- By Jennifer RowlandJennifer Rowland is a research associate in the National Security Studies Program at the New America Foundation.
A national holiday of violence
Pakistan’s official "Day of Love for the Prophet Muhammad" turned into a day of deadly protests on Friday, with at least 20 people killed and over 200 injured as protesters angry over an anti-Islam film clashed with police in major cities across the country (NYT, Post, ET, CNN, Dawn, WSJ, LAT). Some 12 to 14 people were killed in clashes in Karachi alone, while a television worker died when police opened fire on protesters torching cinemas in Peshawar, and more were killed as the mobs tried to reach the American Consulate there.
On Saturday, Pakistan’s federal railway minister Ghulam Ahmad Bilour placed a $100,000 bounty on the head of the person responsible for producing the contentious film, entitled Innocence of Muslims, and reportedly invited al-Qaeda and the Taliban to be "partners in this noble deed" (NYT, BBC, Reuters, The News, ET). The United States condemned the bounty, and the Pakistani government quickly moved to distance itself from it, saying that it does not represent official government policy (AP, AJE). Meanwhile, Pakistani Foreign Minister Hina Rabbani Khar met last week with top U.S. officials in Washington, where she said on Friday that ties between the two countries are improving, and condemned the "blasphemous" anti-Islam film while avoiding direct criticism of the violence taking place in response to it (AFP, AP, ET, ET).
On Saturday, a U.S. drone killed four suspected militants in Pakistan’s North Waziristan Agency (AP). The Pakistani government said on Sunday that flash floods two weeks ago killed at least 51 people and affected a total of 700,000 in the southwestern province of Balochistan (AFP). Interior Minister Rehman Malik announced a relief assistance package worth Rs2.6 billion for those impacted. And a Pakistani judge sent the blasphemy case against a Christian girl, Rimsha Masih, to juvenile court on Monday, after reading a medical report that confirmed she is 14 years old (AFP).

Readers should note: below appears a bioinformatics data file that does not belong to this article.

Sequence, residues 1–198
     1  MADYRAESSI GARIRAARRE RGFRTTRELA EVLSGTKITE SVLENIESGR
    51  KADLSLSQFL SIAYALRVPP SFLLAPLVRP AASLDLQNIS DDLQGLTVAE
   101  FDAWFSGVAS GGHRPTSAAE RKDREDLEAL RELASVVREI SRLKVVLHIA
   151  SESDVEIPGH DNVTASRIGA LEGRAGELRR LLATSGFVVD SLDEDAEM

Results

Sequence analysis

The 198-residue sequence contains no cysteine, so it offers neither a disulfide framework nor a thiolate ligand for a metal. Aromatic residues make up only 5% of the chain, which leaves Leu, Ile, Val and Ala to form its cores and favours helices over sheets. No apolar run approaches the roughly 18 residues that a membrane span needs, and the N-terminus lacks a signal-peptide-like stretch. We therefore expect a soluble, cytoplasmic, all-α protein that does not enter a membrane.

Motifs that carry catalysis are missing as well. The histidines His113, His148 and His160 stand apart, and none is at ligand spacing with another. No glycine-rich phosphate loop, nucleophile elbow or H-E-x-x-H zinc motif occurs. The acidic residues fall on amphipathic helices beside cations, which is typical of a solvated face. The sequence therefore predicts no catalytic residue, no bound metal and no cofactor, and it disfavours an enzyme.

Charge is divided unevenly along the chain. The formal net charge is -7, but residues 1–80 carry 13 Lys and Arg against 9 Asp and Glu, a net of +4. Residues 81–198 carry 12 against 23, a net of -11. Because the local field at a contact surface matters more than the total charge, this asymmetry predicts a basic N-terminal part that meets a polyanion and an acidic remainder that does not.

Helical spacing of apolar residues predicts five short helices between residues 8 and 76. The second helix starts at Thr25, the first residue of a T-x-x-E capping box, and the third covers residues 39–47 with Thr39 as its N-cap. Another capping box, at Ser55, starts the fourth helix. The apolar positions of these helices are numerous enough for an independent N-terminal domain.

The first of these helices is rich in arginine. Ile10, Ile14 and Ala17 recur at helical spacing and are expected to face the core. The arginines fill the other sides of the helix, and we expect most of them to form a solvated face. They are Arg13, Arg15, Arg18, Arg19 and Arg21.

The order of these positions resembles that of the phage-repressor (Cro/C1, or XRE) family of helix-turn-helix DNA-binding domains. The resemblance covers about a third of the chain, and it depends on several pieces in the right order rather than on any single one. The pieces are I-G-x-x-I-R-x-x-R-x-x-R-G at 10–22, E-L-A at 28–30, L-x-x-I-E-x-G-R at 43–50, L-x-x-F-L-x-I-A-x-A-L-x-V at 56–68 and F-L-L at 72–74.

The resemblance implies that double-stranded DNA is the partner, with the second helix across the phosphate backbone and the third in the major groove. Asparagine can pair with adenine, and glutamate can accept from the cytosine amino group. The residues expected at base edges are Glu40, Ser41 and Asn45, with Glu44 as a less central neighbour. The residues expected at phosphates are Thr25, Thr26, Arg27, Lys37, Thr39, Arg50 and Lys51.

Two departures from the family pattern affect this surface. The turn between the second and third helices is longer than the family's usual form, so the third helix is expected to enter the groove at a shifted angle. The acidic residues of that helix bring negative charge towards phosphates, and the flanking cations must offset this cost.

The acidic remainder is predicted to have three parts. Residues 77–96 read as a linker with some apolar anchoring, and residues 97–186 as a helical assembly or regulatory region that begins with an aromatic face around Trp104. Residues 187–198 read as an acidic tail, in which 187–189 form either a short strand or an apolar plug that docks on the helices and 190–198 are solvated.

A senior Chinese official, domestic security chief Zhou Yongkang, made China’s first high-level visit to Afghanistan in almost 50 years on Saturday, speaking with President Hamid Karzai on a range of economic and security issues (Reuters, AJE, CNN, Tel, BBC). While in Kabul, Zhou signed a security agreement that includes a pledge to "train, fund, and equip Afghan police" among other things, as analysts say China is looking to increase its presence in Afghanistan ahead of the withdrawal of NATO combat troops in 2014.
The Post’s Anne Gearan reported Friday that the United States and Pakistan are working on a plan to reconcile some Taliban members, and develop the framework of a peace deal in Afghanistan by forming a joint "action group" that would vet militants who wish to join the government (Post).
The Afghan Interior Ministry on Friday announced a ban on Pakistani newspapers, calling them a conduit for Taliban "propaganda" because the papers choose to publish transcripts of Taliban statements (AP, Reuters).
Different kind of drone
Drones are being used in Pakistan as more than a weapon of war, snapping pictures the climbers who dare to take on some of the world’s most difficult peaks, in the vast and beautiful Karakoram mountain range (AP). A Swiss expedition used remote-controlled helicopters this summer to capture images of two professional mountaineers summiting Pakistan’s Trango Tower.
— Jennifer Rowland